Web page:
++Over at Wonders in the Dark, James Clark has posted an admirable essay on what’s likely my (and everyone else’s?) favorite piece of science-fiction noir. With Jim’s kind permission, I’m reblogging it here.
© 2016 by James Clark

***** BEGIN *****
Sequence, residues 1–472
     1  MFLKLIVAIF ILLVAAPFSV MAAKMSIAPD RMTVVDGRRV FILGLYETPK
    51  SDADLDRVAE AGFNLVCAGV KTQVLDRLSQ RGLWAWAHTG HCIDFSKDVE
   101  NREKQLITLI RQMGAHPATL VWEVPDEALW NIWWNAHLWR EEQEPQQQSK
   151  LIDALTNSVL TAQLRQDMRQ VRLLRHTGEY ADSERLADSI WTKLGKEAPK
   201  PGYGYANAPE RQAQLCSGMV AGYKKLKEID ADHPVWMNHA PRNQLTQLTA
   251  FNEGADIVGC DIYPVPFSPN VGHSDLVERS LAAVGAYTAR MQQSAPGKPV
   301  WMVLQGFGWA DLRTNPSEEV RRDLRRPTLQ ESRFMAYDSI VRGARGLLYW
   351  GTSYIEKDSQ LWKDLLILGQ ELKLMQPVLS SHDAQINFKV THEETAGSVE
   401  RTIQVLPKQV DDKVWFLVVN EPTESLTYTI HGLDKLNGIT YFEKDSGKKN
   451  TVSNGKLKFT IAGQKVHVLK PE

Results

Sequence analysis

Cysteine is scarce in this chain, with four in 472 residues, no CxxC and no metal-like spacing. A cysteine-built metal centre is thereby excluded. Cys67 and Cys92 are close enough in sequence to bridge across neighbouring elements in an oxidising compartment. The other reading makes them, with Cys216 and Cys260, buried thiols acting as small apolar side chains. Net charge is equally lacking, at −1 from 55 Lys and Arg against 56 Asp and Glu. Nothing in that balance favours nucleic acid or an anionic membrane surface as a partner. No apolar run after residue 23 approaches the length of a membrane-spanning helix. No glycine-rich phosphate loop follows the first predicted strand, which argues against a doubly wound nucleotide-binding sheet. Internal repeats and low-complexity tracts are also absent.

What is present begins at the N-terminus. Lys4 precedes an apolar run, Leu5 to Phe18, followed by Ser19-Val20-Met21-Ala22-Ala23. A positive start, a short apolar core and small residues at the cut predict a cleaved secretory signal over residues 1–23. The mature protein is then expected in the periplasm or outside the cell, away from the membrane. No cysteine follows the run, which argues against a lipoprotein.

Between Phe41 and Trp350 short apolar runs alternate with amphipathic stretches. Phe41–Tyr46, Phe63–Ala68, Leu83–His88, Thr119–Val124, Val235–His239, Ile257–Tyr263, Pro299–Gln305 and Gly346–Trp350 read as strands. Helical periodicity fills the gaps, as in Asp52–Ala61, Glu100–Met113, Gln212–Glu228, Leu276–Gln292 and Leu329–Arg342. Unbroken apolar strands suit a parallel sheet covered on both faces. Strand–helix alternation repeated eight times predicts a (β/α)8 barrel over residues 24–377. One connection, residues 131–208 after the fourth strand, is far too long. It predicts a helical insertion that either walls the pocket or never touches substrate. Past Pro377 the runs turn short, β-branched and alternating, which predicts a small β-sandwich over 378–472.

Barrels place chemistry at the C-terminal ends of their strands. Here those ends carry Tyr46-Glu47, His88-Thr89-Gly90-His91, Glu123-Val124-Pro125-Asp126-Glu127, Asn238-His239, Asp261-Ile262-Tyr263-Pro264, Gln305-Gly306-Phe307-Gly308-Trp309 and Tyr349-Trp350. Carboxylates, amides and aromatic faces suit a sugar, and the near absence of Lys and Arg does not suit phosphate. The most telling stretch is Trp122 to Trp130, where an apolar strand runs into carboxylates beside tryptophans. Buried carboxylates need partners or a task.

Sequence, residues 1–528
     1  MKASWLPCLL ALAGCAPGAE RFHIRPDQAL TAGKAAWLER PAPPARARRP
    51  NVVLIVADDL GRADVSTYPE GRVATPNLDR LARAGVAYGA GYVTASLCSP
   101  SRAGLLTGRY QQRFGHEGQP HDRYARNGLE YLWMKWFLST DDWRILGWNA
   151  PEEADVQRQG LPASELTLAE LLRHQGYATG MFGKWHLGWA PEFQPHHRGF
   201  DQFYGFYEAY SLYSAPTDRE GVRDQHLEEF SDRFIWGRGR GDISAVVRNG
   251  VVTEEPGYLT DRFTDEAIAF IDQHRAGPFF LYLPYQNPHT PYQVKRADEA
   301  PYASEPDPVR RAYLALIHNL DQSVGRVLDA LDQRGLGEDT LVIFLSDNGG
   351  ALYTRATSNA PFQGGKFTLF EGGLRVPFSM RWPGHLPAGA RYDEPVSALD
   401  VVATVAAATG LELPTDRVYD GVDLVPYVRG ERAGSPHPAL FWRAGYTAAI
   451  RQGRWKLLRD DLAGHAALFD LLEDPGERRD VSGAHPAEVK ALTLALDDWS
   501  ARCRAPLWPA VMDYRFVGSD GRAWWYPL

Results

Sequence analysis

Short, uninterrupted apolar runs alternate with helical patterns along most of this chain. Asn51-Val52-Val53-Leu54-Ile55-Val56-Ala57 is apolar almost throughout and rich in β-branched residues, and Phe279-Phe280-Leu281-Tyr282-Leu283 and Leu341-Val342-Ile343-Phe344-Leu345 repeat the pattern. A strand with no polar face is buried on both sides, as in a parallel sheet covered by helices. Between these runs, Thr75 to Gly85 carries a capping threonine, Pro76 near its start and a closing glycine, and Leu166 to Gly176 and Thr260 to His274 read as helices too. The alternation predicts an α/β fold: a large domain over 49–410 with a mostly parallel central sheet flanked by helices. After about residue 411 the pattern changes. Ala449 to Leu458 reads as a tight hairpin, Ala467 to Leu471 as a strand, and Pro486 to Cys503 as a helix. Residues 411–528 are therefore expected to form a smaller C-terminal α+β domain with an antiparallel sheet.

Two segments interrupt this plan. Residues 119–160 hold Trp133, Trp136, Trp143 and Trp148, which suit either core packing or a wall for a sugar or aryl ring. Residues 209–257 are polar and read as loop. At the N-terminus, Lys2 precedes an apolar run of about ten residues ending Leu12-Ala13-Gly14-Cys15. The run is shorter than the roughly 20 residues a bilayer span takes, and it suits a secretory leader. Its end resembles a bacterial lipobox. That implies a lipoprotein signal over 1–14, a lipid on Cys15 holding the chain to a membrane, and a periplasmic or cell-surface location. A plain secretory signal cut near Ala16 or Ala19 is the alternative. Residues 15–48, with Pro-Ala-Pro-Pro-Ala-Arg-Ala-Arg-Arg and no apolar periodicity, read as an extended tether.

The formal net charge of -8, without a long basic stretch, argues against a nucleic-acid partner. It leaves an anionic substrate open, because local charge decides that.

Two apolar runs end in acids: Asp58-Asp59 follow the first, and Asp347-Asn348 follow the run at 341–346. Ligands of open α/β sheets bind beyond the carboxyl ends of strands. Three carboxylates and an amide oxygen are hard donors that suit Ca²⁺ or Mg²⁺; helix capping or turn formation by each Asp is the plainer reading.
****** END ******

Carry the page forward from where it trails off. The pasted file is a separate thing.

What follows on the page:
Blade Runner (1982) is one of a very small handful of films that can be truly described as “haunting.” What makes its power doubly remarkable is that it derives from an auteur who does not originate the bare bones of his works but depends upon pre-made literature by which he can deliver impacts at cinematically optimal force. The writer behind Scott’s scenario here, Philip K. Dick (1928-1982), was an exponent of science fiction with a view to the question, “What constitutes the authentic human being?” His novel, Do Androids Dream of Electronic Sheep? (1968), cites a planet Earth largely abandoned by old-line Homo sapiens and populated by androids in relation to which a bounty hunter reaps rewards of sorts. Dick, who died four months before the film’s release (to a tepid response), had declared that Scott’s running with those initiatives “justified” his…
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